Skilled Nursing Facility

With the baby boomers aging in the U.S., healthcare treatments and medications improving and people generally becoming more conscious of behaviors that impact their health, the end result is a growing elderly population. Although 70 may be the new 60, and older people may remain active longer, there still may come a time when an individualís health issues make it impossible to live independently. This is where a skilled nursing facility may be beneficial.

The Purpose

A skilled nursing facility is designed to provide a high level of care for an elderly person who is no longer able to function independently, but does not need to be a hospital patient. Caretakers at such a facility typically provide assistance with getting in and out of bed, dressing, bathing, toileting, feeding, exercising and taking daily medications. Each patientís care is supervised by a licensed physician, and skilled nurses are onsite 24 hours a day, 7 days a week. Most facilities have staff members that provide regular physical, speech and occupational therapies. Other staff members may be responsible for making sure each patient walks daily as well as spends some time outside in the sun.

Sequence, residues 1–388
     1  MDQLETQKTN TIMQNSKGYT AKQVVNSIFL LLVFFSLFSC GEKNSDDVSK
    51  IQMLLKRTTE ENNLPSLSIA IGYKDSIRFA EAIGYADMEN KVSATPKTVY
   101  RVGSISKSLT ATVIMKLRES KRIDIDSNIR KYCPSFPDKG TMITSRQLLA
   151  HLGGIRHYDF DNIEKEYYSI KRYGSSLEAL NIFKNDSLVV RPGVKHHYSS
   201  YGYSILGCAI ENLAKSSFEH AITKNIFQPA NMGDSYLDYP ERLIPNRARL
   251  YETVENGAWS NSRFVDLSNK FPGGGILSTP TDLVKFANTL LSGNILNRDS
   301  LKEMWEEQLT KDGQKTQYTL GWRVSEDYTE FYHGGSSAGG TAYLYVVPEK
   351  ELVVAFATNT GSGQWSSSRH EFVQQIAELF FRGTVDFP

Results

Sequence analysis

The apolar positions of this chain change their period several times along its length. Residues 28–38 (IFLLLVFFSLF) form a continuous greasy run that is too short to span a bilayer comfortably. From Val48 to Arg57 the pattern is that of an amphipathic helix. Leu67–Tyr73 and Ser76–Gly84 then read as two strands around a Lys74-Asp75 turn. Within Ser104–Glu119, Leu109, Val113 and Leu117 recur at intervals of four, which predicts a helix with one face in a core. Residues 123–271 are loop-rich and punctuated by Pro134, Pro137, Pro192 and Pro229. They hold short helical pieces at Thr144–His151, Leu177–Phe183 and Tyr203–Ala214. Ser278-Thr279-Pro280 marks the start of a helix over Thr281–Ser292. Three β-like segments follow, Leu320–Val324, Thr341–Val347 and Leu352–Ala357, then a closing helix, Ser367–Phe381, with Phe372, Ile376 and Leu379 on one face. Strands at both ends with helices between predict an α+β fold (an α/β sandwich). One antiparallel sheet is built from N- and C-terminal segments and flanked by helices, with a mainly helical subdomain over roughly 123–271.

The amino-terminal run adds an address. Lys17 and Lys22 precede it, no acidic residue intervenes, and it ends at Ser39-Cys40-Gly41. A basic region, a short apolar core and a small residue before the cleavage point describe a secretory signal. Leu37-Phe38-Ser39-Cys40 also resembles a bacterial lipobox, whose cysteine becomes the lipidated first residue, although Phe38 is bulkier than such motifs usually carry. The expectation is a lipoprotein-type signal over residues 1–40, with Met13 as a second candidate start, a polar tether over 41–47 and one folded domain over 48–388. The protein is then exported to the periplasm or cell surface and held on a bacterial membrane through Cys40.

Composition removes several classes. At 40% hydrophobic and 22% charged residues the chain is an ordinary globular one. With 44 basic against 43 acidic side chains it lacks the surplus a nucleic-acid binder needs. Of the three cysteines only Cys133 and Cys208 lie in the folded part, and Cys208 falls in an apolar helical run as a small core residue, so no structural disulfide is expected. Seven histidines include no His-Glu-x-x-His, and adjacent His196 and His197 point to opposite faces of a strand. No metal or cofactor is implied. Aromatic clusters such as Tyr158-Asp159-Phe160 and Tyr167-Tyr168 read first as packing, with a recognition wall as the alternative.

Special Features

The special features of a skilled nursing facility are important considerations for potential residents and their families. Many offer a choice of taking meals in a centrally located dining area, or having them delivered to the room. There may be an option for a private room or a shared room with a roommate. Being able to bring personal belongings to the facility, such as a television, a favorite chair, comfortable clothing, personal pillows and bedding and cherished family photos may make the transition a little easier for the new resident. Once it is determined that a loved one can no longer live safely at home, the goal is to find a facility in which that person might be most comfortable.

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A Checklist

When faced with a move to a skilled nursing facility, it is a good idea to visit several for comparison. Some things to consider include the cleanliness of the facility, the type of food that is served, specific activities that are offered for residents and special treatments that may be available for issues like memory loss, lack of mobility and mental confusion. Red flags when visiting prospective facilities may include residents who appear unkempt, staff members that appear rushed and harried, furniture and equipment that appears old and in poor condition along with drab wall colors and lack of visual stimulation.

Some of the most difficult aspects of moving a loved one to a full time care facility are guilt and money. Many children and spouses care for their loved ones at home as long as possible, but once the individual needs skilled nursing care, the family member may be unable or under qualified to provide the necessary care. Paying for the facility may be a challenge as Medicare coverage is limited. Long term care insurance is an option to consider before health begins to fail.

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